Service to Clemson University: (1) Dr. Walton H. Owens, Jr. retired in 1995 and began service to Clemson University almost immediately. As immediate past president of the Faculty Senate, he had two responsibilities: (a) to serve as chair of a committee to choose a recipient of a biennial award in Astronomy and (b) to serve on a committee of the Board of Trustees that chooses the recipients of honorary degrees. (2) After completing those tasks, he was selected to serve as President of the Clemson chapter of the American Association of University Professors.
Service to South Carolina Government: (1) Several years after his retirement, Walt’s service turned to SC state government. The SC General Assembly passed a measure creating several state-wide task forces to find ways to make the state’s universities more accountable. These were made up primarily of university trustees, university presidents, corporate CEOs, and a few former Faculty Senate Presidents. A few years before his retirement, Professor Owens had spent a sabbatical year on the SC Governor’s Staff, doing research in that subject area. Perhaps because of that, he was appointed to chair the Task Force on Administration and consequently to serve on another, capstone task force that prepared the report to the General Assembly. (2) Also in the 1990s, Walt continued to serve as a Commissioner of South Carolina Educational Television. Having taught a number of courses in public administration, Walt took the position seriously and reached out to line operatives to monitor their work and employee morale. He did this in part to have a more factual basis for completing the annual evaluation of SCETV’s president.
Work in Public Service Organizations: But the work of which Walt is most proud was in the area of mental health. After retirement, he was asked to do legislative and executive advocacy for the National Alliance on Mental Illness South Carolina (NAMI SC). Soon thereafter, he was asked to serve on NAMI SC’s state board of directors. During his tenure on the board, he served as Secretary, then as Vice President and later, several terms as President. Looking back on those years, Professor Owens indicated that the Board realized several tangible accomplishments. Chief among them, he said, was a legislative initiative that would make it possible for a patient to designate a family member (or a friend) who could communicate with his physician so as to help the patient understand his situation and his alternatives. Walt felt that such a provision was much needed for psychiatric patients, while at the same time it was very helpful for others, also. As a result of NAMI SC’s effort – and with support from activists representing the medical community – state law now requires a form (covering all medical fields) which a patient is asked to sign before an initial visit with a physician, acknowledging understanding that option.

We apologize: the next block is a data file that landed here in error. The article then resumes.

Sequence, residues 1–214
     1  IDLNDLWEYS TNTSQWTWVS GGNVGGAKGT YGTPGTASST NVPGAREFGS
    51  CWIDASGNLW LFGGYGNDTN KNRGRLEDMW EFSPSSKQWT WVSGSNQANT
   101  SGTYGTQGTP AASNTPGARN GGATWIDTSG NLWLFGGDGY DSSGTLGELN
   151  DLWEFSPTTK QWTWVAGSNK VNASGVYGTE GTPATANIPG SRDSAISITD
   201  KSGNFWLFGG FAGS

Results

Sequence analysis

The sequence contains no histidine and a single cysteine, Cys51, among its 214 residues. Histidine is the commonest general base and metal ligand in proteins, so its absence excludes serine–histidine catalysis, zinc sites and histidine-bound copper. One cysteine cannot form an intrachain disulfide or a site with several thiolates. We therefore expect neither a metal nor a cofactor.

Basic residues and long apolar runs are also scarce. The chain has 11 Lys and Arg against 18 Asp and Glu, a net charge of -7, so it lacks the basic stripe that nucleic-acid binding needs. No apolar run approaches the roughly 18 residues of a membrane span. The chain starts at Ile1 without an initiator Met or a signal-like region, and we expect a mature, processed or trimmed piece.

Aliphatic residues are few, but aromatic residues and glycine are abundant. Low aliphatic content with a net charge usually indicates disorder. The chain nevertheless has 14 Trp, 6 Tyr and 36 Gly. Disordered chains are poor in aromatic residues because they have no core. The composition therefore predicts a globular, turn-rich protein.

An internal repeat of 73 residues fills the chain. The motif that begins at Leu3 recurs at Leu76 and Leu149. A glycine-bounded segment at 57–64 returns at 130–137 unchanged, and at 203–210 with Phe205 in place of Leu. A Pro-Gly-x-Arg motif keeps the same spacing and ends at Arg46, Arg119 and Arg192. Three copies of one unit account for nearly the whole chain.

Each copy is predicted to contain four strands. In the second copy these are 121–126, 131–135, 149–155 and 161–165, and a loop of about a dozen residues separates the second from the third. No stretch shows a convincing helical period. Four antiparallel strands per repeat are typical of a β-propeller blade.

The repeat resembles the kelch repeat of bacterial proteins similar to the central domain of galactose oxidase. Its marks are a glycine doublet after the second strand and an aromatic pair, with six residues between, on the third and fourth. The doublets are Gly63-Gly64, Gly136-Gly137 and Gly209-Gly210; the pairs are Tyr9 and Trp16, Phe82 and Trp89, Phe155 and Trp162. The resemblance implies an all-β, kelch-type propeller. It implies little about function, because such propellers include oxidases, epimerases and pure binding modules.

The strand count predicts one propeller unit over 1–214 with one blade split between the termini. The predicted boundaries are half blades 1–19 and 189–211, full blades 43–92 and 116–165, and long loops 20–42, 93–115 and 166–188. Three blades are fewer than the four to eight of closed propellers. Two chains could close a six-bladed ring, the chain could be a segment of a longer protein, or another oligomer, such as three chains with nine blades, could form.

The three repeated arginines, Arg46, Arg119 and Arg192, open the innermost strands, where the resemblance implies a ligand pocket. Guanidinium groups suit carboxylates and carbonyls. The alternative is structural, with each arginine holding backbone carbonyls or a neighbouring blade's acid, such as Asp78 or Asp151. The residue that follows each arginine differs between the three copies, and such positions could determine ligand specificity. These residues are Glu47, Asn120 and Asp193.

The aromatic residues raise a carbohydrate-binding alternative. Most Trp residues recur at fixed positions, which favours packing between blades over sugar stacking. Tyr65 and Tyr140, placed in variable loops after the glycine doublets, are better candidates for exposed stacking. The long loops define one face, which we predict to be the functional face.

In another initiative advocated by NAMI SC, the legislature passed a measure providing for equity in insurance coverage for mental health issues along with physical health issues. (That parity is now required by federal law.)
Community Involvement: (1) For three years in the 1990s Professor Owens served as elder and clerk of session for Fort Hill Presbyterian Church (PCUSA) in Clemson. (2) Finally, as an avid woodworker, Dr. Owens made several presentations to Clemson Area Woodworkers on things which he had built: a side table in the Federal Period, several curios, a chess table, and (with Professor Kelly Crader) a mountain dulcimer. For several years he also served that organization in a leadership capacity.